Is anybody ever prepared for parenthood? We certainly hear all the platitudes about “mothering is forever,” “your life will never be the same,” “as they get bigger, the worries do too,” but parenthood is a state of being that we literally cannot comprehend until the kindly professionals and the loving extended family members leave and we are alone with a new human being. You’ve seen babies before, but this one is yours. It’s here and it’s permanent.
We all adjust to parenthood in our own ways and at our own paces. Before we realize it, parenthood is simply part of who we are. We’re in carpools; we’re keeping a family calendar that is more complicated than a Fortune 500 company spreadsheet; and we’re suffering through, and loving every minute, of football games, band concerts, plays and dance recitals. We incorporate parenthood into our lives and we feel, if not invincible, at least capable.
Then they’re gone. Now what?
My husband and I took our youngest daughter to college last fall and afterwards I felt like I had when our first child was born. Friends with older children told me that my life would be different, that I would miss my children in new ways, and that my marriage would enter a new phase. However, we can’t know until that door closes and we and our spouses (and the dog, because of course your kids demanded a dog) are alone with one another. What comes after the empty nest?
My daughter had been entirely insufferable for three months before she left. She was demanding, belittling, rude and thoughtless. At the time, I was at my wits’ end trying to figure out what horrible thing had befallen us. Was I being equally troll-like to her? Was she suffering from some sort of sudden-onset personality disorder?
In retrospect, I think Sarah was extremely nervous about starting college and she hates being nervous. It makes her angry, so she lashed out. I tried to explain the errors of her ways, and she got even more frustrated. I’m pretty sure I get it now, but back then it was just an ugly fog of negative emotions.
These prolonged leave-takings and the swamp of negative emotions probably are a good thing. We need to imagine (if not yearn for) a day-to-day life without our teenagers in it, and they need to sharpen their survival skills on us before they are truly on their own. Just as teething and acne didn’t last forever, this difficult phase doesn’t either. It’s just another step along the road toward their adulthood.
Go way, way back in your memory. Remember when you first began to realize you were an adult? That you could eat cereal for dinner, stay up all night, go for a taco run at midnight, spend the day watching television? Those days were cool, right? Then you had kids and, before you knew it, you were serving three nutritious meals a day; adding semi-nutritious snacks when necessary; going to bed at eight o’clock because the kids would be up at five; and turning off the news to avoid explaining “genocide” to your five-year-old. Life became a series of decisions in which your preferences almost never got top billing. Gradually, such calculations become automatic, until you’re trying desperately to remember when you last had a night out and you have to ask your teenager what “full bush” means.
More good news, though. Your preferences once again can rise to the top of the daily to-do list, if you let them. Your inner voice – the one that says, “me first!” – has gotten very quiet over the last twenty years, but if you listen, it’s still there. You just have to encourage it to speak up and then actually do what it says.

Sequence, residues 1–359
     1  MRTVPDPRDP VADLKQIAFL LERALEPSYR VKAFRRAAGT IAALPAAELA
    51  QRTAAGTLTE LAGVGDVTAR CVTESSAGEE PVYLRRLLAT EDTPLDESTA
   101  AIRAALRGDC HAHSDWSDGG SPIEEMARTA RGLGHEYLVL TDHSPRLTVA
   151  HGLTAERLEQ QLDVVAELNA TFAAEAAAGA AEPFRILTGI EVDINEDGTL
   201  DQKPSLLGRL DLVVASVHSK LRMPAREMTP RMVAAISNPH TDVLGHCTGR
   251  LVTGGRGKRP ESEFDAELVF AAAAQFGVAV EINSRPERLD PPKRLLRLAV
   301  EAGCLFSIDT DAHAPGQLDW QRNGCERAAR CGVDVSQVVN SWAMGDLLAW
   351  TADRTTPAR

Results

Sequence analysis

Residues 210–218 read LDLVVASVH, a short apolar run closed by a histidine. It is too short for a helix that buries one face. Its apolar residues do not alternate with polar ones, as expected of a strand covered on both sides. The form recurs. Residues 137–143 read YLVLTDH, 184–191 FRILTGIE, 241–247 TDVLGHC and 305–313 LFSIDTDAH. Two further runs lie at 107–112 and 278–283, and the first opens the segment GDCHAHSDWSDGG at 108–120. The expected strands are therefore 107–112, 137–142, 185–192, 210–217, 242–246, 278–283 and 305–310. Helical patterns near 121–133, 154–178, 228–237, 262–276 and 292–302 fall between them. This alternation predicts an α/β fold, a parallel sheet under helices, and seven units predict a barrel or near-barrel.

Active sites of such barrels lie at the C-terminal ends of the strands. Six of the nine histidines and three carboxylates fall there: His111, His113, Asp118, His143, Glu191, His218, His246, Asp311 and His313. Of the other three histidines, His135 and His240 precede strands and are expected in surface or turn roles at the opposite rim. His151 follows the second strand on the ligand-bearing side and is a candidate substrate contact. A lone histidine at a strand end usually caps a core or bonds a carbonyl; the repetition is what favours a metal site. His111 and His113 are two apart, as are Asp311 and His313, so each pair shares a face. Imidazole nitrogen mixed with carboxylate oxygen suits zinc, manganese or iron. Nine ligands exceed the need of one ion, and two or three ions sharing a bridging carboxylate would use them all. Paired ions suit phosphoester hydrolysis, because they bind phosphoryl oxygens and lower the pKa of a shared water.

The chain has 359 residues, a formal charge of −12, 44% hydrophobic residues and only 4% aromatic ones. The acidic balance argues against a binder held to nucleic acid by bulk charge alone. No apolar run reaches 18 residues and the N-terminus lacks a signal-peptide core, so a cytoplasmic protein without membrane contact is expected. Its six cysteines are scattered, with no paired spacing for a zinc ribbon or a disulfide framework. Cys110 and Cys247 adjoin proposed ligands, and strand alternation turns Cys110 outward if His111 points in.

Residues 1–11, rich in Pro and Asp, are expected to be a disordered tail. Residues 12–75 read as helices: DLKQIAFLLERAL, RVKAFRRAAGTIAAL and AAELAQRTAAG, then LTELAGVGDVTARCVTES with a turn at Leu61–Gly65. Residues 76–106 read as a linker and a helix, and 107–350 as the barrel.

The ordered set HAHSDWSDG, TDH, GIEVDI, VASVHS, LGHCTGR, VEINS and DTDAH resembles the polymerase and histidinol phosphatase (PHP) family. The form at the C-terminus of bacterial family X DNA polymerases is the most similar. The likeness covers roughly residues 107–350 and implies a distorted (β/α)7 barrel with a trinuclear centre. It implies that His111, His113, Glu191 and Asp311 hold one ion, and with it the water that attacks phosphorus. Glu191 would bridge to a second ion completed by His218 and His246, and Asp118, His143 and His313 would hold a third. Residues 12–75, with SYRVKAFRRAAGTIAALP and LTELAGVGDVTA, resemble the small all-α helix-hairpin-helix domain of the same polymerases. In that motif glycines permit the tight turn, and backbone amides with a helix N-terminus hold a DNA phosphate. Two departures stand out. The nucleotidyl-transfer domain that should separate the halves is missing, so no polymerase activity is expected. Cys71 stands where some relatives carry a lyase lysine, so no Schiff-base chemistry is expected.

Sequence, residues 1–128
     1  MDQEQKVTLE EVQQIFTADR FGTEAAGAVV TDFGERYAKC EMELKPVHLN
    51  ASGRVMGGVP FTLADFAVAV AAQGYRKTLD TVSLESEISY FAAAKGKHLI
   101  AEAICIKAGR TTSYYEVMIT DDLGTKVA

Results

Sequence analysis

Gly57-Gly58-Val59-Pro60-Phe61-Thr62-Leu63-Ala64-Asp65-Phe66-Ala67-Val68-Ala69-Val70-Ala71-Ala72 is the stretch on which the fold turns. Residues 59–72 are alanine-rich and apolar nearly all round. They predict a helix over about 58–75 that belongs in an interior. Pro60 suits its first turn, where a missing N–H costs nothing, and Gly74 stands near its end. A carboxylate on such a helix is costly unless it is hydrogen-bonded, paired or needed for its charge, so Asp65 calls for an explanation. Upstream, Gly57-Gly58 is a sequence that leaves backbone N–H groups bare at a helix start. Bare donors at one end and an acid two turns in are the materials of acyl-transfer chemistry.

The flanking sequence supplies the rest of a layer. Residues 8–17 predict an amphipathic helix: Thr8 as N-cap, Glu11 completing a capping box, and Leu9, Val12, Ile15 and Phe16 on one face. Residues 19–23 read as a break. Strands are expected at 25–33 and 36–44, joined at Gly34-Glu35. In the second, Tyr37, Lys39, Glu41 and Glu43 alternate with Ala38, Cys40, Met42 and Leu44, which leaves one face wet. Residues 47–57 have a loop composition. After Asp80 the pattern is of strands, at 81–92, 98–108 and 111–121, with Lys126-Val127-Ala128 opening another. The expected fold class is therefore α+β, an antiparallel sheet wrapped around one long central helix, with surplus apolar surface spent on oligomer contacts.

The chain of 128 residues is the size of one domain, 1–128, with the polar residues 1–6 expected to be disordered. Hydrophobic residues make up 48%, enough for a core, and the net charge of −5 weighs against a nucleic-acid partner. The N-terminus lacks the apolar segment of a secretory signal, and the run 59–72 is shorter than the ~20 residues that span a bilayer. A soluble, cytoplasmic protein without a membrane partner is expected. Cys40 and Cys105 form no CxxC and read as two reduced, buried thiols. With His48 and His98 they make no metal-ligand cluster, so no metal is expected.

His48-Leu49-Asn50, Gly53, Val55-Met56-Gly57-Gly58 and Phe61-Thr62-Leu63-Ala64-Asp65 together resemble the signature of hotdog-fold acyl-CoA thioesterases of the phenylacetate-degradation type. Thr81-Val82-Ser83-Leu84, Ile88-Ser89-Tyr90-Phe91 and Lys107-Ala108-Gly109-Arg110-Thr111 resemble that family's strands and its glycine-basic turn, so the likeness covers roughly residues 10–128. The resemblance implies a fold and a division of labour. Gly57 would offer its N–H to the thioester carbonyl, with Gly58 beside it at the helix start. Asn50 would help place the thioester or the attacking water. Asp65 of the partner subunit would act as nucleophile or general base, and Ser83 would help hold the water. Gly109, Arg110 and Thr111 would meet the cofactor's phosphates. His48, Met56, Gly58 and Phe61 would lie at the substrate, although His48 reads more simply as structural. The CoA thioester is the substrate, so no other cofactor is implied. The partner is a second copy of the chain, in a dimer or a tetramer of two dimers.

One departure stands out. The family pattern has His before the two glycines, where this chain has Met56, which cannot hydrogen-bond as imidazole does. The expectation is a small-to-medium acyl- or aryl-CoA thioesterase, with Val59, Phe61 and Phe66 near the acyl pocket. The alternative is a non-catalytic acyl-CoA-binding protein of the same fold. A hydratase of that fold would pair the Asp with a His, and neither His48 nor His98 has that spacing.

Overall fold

I have always loved to write, and I was very fortunate to land in a career in which developing my writing was encouraged and rewarded. The challenge was that, after writing all day for other people and other purposes and then getting home and doing what I needed and wanted to do with my family, I had no juice left with which to explore new ideas, new forms of writing or even to journal.
Now that the nest is quieter, I have time to listen to my own writing voice, and to read, explore and write the works that interest me. This private work of writing, for me, seamlessly fills the spaces formerly reserved for the wants and needs of my children. As they are growing outside the nest, I am growing too
Another positive development is that after that door closes, you and your spouse can take a breath and look at each other. This is a golden opportunity to not just rekindle the love and companionship that brought you together in the first place, but to light a brand-new fire.
You definitely are not the same person you were twenty years ago, and neither is your spouse. Both of you have learned a lifetime’s worth of lessons from parenting, but you also have grown and developed in individual ways, such as in your work life. You may realize that you don’t know this person in your house and in your bed as well as you formerly did.
Now you can enjoy getting to know one another all over again. My husband and I have had a tremendous amount of fun thinking back to our relationship before we had children, and planning outings to the movies, to the nearby national park, and just to browse the mall. The relationship is not the same as it was all those years ago, but our outings today are informed by those long-ago dates as well as our journey through parenthood. A new beginning
After the dust settles and the nest is quiet, the post-children adventure will become what you make of it. The quiet, the occasional solitude and the one-on-one time with your spouse can become blessings. My own approach, so far, has been to push and stretch the outer boundaries of each day, to learn how to make the next twenty years as much of an adventure as the last twenty have been.
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